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it not just in terms of the lawsuit that hit the state but the practical implementation of what had to be done next to moveous forward. not to meet the bare level minimum of the lawsuit. but to push the system forward and make it the best it can be. one year ago, it might have looked like an omption, i disagree. we tasked health and human services to develop a ten year plan for the mental health system. we provided funding to establish 60 new bets in community based transitional housing and to revert hospitalization for mental health issues t. is unacceptable for citizens to be waiting for treatment for weeks on end. again, we have to get this job done. [ applause ]
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>> one of the four most responsibilities of government is to stand up and help protect those who can't speak for themselves. and the most vulnerable among us deserve dignity and respect by the systems set in place to help them. when it comes to advocating on behalf of our most vulnerable children, we must strive to do better. last year we increased funding by $4.4 million to protect new hampshire's children. we had a 20 new caseworkers across the state and created an office of the child advocate to provide oversight and transparency. the office is lead by mora o'neal who will work to improve new hampshire's commitment for the safety and well being for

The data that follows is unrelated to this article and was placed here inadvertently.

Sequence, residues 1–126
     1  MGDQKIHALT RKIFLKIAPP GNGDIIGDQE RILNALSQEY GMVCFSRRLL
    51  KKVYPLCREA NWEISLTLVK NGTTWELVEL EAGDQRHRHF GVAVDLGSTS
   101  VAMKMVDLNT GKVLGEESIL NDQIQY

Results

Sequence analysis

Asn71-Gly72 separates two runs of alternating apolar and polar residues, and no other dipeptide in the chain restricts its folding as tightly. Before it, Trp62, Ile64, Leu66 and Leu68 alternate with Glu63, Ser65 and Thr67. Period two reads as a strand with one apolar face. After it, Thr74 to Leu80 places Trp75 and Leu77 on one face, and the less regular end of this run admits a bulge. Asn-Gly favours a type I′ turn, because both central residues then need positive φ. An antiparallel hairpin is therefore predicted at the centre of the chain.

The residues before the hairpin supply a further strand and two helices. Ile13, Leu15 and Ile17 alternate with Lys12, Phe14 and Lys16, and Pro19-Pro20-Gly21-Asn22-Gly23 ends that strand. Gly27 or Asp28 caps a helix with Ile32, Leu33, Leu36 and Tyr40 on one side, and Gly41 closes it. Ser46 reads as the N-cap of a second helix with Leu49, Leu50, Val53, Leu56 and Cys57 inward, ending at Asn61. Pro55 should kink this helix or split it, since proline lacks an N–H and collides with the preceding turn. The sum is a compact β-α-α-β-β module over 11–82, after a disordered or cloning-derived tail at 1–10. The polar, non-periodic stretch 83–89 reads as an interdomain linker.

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our children. mora, thank you for being here today. and thank you for making new hampshire better for our kids. [ applause ] >> there's always more to do. that's why this year we need to pass sb-592. it adds 16 child protective workers, increases foster care rates by over $1 million. and moving forward, we will have a plan for medicaids. we are working through ideas with the federal government to ensure that our plan has a viable work requirement o while maximizing flexibilities and options. the people in new hampshire sent us to concord to get things done. the opioid crisis remains as a serious challenge, it demands